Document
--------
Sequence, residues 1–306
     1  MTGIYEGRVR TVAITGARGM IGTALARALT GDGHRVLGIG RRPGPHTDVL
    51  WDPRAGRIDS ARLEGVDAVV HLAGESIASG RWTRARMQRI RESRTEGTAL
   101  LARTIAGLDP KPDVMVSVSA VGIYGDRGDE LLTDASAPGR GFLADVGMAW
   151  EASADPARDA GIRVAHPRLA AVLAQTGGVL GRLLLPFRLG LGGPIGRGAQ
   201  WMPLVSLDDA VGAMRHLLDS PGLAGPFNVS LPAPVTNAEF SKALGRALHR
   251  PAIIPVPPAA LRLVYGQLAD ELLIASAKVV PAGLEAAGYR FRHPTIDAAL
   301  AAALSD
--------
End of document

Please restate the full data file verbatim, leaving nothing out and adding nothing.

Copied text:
Sequence, residues 1–306
     1  MTGIYEGRVR TVAITGARGM IGTALARALT GDGHRVLGIG RRPGPHTDVL
    51  WDPRAGRIDS ARLEGVDAVV HLAGESIASG RWTRARMQRI RESRTEGTAL
   101  LARTIAGLDP KPDVMVSVSA VGIYGDRGDE LLTDASAPGR GFLADVGMAW
   151  EASADPARDA GIRVAHPRLA AVLAQTGGVL GRLLLPFRLG LGGPIGRGAQ
   201  WMPLVSLDDA VGAMRHLLDS PGLAGPFNVS LPAPVTNAEF SKALGRALHR
   251  PAIIPVPPAA LRLVYGQLAD ELLIASAKVV PAGLEAAGYR FRHPTIDAAL
   301  AAALSD